‘Productive thought’ then is bound to be imaginative. But it is an imaginative response to (or reading of) actual experience – not imaginary experience – that is most productive, in science, art and religion.
Our conceptual imagination, like its artistic counterpart, draws inspiration from contacts with experience. And like the works of imaginative art, the constructions of mathematics will tend therefore to disclose those hidden principles of the experienced world of which some scattered traces had first stimulated the imaginative process by which these constructions were conceived.— Polanyi (1962, 46)
… a fact or datum, by itself, is essentially meaningless; it is only the interpretation assigned to it that has significance. Thus, for example, one can literally see the rotation of the earth on any starry night; it has always been patently visible, but for millennia human beings did not know how to understand or interpret what they were seeing. Examples of such misinterpretation, which have retarded the development of science by centuries, can be multiplied without end in the history of science; in all these cases, it was the absence, not of data, but of imagination that created difficulty.Robert Rosen's point is clear: neither science nor understanding in general can proceed without the element of imagination, or interpretation. It is part of the loop (cycle, recursive process, hermeneutic circle, ..... ) which constitutes practice as opposed to undirected activity: perception guides imagination, imagination guides modeling, modelling guides expectation, expectation guides movement, movement guides perception, and the closure of the whole loop guides the bodymind on its way in the world.— Rosen (1991, 17)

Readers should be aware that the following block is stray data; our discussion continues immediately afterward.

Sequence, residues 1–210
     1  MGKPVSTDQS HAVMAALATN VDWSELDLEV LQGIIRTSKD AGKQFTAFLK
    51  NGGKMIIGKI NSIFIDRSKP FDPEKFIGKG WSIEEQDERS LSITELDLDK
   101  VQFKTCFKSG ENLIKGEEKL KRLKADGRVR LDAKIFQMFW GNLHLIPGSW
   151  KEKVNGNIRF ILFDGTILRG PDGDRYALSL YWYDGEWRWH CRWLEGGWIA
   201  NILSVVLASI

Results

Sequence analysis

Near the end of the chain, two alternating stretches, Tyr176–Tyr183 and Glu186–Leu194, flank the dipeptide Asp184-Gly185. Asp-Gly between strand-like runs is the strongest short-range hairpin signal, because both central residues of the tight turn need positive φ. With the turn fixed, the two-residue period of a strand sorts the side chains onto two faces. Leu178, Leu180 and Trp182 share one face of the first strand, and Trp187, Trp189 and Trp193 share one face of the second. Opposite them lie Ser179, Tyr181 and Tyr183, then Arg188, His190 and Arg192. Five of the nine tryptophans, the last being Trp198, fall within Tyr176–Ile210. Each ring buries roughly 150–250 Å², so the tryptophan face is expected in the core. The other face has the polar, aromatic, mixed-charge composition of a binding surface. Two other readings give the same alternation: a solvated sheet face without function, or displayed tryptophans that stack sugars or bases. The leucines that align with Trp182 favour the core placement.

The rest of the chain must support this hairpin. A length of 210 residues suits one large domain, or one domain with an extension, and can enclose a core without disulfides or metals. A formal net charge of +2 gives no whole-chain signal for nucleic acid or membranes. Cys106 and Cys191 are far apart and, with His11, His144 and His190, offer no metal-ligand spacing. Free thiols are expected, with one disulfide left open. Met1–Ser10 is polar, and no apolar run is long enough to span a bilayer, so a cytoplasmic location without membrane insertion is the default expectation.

Action can be guided by a much shorter circuit, such as a reflex arc, but we don't generally speak of such actions as guided, or even as acts. The attempt to reduce all mentality to ‘reflexes,’ and the behaviorist campaign to banish mind and consciousness from our models of ourselves, appear ludicrous to us now – yet it dominated psychology (at least in the US) through most of the 20th century (see Baars 2003).
But Rosen's comments (above) also invite some questions. In what sense can you ‘literally see the rotation of the earth’ on a starry night? What you can detect visually on a single night – if you are more patient than most people, and far enough from urban light pollution to see the stars at all – is that the whole field of stars revolves around a central point, which in the northern hemisphere is approximately Polaris, the North Star. You could infer from this that you are standing on a planet which is revolving – and then the apparent motion of the stars is visible as the rotation of the earth. If you make a different inference – like the one implied by the words sunrise and sunset, that the sun is moving around your standpoint – then what you ‘literally’ see at night is the turning of the stars, not the rotation of the earth. Even this turning is much too slow for human vision to track in ‘real time’; we have to call upon memory in order to ‘see’ the movement of the stars. Between literal and figurative, or between reading and interpretation, the line is often difficult to draw.
And what of the ‘difficulty’ which Rosen blames on the absence of imagination? Was the development of science really ‘retarded’ before science confirmed for us all that we stood upon a turning planet? Or is this like saying that the development of a human embryo is ‘retarded’ before the eyes are functional or the fingers articulated? Perhaps we cannot say; all we can do is live the time by our tacit models, and meanwhile carry them forward through constant renovation.
A road is made by people walking on it; things are so because they are called so.— Chuangtse 2 (Watson 1968, 40)
The chaotic background murmur and crackle of neurons firing, cells doing what they muddily must to stay alive, organizes itself into definite rhythmic patterns, and lo, forms emerge and begin to branch. Presence parts from itself and proliferates as the branches take names. But a metaphor reverses the process by unmaking a familiar distinction, revealing a richer and stranger relationship. By thus renewing our vision, metaphors ‘literally create new objects’ (Jaynes 1976, 50) – immediate objects. Naming is creation, metaphor recreation. “A road” is a metaphor: a road is made by people walking on it; things are so because they are called so.
Things derive their being and nature by mutual dependence and are nothing in themselves.